The Promise of Palmettos is celebrating its one year Anniversary on October 12,2013. In celebration of this milestone event, The Promise of Palmettos with be absolutely free for that one day on Kindle.
I think that is fair to say that it’s been more than a few weeks since I’ve posted on my blog. I actually have a good reason for that. I am going to school for my PHd. So add The University of Tennessee to my list of schools. My degree is going to be in education with a concentration in – wait for it – Cultural Studies. It’s a lot of work, this first semester. There are a lot of reading assignments and class discussions. Then I have to find time to publish journal articles (be on the look out for mine at some point), not to mention thinking about my topic for my dissertation. If you know me, it will be something about the Gullah-Geechee Culture. In addition to that, as a Cultural Studies student, I have to do service learning projects, where I give my time outside of the university to perform services that give back to the community. It’s actually a good concept because it gives students field experience rather than keeping us buried in our books. So I had been wracking my brains trying to figure out what to do. How do I tie my love of culture and history into a service learning project? Well believe it or not, the answer came to me in the form of my 8-year-old son. He always has what I call, “under the radar” knowledge. It’s that he knows something but you don’t know that he knows. But when this kid shows you what he knows in that nonchalant way of his, I don’t know about anyone else, but you can knock me over with a feather. So my eight-year-old and I were reviewing vocabulary and the word was “sew.” I asked him to tell me what it meant. So my 8-year-old responds, “You know when Granny Janie (he makes a sewing gesture) pulled the ‘string’ through the cloth?” Through my tears I told him that was exactly what she had done. I could barely hear my own voice when I asked him what the “string” was called. I couldn’t believe he remembered that Granie Janie sewed quilts. First, she was my grandmother and his great-grandmother. Secondly, she passed away when he was 5-years-old. The other thing that got to me was the impact that my grandmother had made on my son. I’m grateful for his memories. Who knows what else my grandmother left with him? Or as my father always says, and maybe he is right, “This child has been here before.” Anyway, I began to realize that everytime someone passes on, a bit of history dies with them…That is if they hadn’t passed it down to the next generation. Just yesterday in my sociology class, we discussed the fact that history courses are disappearing to make way for new subjects that would supposedly catapult us further into the 21st Century. But our history is important too and I wish that people would not forget that. After all, ef oona ent know weh oona da qwibe, oona should kno weh oona kum from (If you don’t know where you’re going, you should know where you come from).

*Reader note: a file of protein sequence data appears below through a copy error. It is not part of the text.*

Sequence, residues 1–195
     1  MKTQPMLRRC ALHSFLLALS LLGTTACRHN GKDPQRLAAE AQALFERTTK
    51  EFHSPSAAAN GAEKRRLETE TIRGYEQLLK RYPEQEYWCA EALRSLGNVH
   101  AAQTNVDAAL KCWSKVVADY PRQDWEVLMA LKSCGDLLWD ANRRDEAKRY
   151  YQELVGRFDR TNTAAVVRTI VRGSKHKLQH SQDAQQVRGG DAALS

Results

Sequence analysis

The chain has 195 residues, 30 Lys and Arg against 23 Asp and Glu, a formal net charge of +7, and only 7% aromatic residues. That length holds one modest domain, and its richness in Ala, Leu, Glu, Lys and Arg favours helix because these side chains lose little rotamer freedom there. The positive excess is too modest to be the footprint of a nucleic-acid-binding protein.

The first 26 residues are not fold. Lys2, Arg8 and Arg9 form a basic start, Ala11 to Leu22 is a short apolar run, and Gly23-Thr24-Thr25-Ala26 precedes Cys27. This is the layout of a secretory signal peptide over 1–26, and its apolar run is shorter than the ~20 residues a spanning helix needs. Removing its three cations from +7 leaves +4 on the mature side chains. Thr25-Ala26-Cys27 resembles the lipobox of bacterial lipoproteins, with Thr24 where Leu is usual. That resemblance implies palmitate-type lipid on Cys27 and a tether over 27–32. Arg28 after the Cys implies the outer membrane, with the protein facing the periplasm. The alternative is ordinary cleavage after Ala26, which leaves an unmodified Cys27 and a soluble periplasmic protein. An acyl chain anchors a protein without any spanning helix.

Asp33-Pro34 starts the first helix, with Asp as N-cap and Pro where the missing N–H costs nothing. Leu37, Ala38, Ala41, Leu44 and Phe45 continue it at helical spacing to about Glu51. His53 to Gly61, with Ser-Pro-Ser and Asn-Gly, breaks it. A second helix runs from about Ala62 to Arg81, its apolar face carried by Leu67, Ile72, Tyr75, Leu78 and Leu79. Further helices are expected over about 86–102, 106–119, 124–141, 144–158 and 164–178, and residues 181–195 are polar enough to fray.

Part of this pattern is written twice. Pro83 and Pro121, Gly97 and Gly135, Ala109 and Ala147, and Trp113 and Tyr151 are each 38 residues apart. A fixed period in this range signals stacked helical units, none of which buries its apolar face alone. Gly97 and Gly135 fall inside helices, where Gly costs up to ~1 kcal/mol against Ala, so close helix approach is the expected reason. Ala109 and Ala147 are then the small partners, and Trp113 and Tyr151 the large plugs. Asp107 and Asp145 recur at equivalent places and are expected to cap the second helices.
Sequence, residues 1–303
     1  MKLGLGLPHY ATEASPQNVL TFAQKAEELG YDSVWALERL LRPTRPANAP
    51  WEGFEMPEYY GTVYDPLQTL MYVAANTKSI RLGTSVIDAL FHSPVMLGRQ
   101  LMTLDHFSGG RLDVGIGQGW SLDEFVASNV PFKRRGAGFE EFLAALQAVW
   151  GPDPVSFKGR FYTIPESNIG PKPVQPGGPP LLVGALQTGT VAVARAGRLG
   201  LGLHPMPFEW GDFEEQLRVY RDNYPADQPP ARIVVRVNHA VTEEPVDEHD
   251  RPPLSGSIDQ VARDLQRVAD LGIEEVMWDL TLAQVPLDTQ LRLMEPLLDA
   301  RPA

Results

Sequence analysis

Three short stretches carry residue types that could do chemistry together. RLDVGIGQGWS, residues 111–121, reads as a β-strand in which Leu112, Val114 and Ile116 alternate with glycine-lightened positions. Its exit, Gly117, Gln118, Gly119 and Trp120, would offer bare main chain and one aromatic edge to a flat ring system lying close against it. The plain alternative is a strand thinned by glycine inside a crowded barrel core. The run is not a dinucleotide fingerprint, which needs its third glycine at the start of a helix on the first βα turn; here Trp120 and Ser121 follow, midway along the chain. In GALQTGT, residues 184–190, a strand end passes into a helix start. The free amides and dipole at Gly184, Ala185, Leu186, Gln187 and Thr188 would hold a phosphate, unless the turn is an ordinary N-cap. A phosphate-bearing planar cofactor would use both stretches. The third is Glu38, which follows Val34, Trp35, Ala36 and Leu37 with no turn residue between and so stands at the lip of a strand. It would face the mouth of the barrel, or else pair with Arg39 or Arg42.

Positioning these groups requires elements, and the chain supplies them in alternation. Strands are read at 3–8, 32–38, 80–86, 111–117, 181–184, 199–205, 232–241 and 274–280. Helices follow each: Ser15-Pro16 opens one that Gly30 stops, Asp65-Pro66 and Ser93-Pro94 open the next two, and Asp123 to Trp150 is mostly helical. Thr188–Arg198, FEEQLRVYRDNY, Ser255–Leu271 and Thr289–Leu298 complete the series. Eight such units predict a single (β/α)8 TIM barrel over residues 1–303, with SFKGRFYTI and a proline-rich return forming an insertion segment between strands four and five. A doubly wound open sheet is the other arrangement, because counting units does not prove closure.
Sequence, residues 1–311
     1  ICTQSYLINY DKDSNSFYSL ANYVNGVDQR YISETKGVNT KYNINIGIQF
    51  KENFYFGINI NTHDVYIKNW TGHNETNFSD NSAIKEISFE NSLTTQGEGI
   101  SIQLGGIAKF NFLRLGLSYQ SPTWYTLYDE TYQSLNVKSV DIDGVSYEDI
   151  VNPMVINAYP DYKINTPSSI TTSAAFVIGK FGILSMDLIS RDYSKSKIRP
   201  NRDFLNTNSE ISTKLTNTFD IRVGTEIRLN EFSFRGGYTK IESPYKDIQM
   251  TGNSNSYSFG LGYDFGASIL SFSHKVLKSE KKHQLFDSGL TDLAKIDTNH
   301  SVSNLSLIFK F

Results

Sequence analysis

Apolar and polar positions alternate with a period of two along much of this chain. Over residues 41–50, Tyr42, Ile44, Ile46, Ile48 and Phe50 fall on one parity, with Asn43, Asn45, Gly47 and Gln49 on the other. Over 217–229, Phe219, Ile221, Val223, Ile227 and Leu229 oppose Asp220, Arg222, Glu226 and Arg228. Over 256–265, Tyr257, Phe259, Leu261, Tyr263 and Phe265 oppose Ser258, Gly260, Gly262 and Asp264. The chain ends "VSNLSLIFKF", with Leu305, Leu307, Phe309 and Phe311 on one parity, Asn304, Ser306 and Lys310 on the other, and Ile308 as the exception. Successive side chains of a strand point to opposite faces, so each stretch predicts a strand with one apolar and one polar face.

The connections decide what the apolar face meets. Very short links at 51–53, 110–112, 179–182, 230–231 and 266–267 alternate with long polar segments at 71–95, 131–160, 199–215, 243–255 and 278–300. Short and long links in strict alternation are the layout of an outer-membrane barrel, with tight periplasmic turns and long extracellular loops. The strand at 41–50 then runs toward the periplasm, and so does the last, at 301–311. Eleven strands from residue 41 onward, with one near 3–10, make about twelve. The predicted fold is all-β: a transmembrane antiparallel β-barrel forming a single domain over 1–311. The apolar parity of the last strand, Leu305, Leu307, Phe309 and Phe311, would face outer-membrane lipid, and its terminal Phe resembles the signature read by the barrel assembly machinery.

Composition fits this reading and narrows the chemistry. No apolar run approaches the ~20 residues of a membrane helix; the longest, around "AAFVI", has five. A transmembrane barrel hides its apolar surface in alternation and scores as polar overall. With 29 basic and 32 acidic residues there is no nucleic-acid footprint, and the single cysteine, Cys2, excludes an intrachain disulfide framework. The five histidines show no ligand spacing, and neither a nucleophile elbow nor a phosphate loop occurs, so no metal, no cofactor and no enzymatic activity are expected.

So my idea for my project is simple: People should talk to their grandparents or the oldest person they know and ask them to tell what life was like growing up. Then write it down in a journal. That way people can keep their own history and culture alive.